It was an occasion that called for fan mobbing, but Kabir Khan's no-fuss entry into the country meant only the celebs got the opportunity for selfies with the Bajrangi Bhaijaan director.
It was Kabir's first time in Karachi, a visit to speak at Marketing Association of Pakistan's annual marketing conference, MARCON.
"I've just landed, so I haven't been able to see the city," he told reporters at a private dinner hosted by MAP. "But it's lovely [to be here], I'm really happy that I am. I was in Lahore some months back, and that was my first time in Pakistan. Now, it's my first time in Karachi, and I'm really looking forward to it. Unfortunately, I'm here only for a day, but I hope to come back again."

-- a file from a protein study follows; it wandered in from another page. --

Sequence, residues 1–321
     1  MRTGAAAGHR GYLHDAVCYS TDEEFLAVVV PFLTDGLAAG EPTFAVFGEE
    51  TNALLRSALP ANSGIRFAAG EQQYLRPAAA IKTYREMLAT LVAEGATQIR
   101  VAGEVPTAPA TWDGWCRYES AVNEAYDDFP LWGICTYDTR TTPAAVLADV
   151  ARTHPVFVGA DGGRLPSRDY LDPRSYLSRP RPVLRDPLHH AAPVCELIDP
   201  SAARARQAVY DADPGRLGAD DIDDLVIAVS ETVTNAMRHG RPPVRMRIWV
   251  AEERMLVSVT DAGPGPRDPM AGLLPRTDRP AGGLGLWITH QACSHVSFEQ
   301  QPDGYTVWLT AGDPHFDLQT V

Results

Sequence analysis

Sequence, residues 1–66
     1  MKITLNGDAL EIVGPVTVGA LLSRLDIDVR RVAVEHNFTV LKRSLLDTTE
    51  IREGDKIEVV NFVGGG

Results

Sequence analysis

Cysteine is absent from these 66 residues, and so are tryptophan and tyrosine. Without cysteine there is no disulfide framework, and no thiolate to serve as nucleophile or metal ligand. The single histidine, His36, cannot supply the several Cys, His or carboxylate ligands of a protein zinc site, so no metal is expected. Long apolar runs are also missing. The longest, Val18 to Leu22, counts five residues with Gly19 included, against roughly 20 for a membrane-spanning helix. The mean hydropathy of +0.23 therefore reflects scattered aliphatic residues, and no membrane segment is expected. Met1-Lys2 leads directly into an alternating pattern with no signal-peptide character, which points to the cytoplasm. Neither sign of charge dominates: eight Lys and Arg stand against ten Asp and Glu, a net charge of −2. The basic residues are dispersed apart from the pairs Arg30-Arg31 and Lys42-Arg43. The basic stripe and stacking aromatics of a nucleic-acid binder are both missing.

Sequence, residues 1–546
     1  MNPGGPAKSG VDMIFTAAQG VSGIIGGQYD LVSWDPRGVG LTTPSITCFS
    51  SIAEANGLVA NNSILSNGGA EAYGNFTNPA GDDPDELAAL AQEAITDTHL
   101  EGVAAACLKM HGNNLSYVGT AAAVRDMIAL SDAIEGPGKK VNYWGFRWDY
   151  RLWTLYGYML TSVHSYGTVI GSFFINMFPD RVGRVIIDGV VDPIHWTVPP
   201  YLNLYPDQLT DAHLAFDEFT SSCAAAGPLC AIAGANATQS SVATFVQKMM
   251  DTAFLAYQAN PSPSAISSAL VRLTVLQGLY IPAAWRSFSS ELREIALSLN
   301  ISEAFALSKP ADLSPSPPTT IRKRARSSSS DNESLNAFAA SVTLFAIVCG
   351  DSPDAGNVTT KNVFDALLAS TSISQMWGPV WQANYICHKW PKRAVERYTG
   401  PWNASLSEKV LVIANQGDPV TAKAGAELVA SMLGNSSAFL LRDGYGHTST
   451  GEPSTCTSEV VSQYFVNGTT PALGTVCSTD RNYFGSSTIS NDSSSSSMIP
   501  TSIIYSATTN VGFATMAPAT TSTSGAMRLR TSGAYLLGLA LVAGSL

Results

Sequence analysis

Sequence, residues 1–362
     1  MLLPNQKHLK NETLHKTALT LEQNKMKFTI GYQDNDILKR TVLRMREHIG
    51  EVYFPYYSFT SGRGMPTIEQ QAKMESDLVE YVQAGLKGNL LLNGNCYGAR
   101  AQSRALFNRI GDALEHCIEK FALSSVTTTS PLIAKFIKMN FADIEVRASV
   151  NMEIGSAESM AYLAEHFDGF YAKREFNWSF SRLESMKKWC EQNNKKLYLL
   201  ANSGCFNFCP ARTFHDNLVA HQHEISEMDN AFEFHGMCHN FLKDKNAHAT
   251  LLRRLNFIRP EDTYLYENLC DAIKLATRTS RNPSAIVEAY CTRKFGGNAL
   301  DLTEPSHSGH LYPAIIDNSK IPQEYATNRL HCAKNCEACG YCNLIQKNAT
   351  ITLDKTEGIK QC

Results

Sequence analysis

He admits that the conference was just an excuse to visit Pakistan and that he hopes to create some long-lasting relationships:
"I haven't had a concrete conversation about making films together, but if we collaborate and do co-productions, it will have a great impact on politics. Our people-to-people contact will sideline the politics."
When asked to explain the seemingly contrasting agendas of his latest films, Bajrangi Bhaijaan and Phantom, he said:
"The purpose of Phantom was to show that there are some factions in both countries that will always try to prevent people to people contact. I strongly believe that whenever terrorists attacks occur, the media of both our countries create a ruckus, which colours the percepton of the people. But when a Chand Nawab and a Bajrangi meet, there will always be friendship."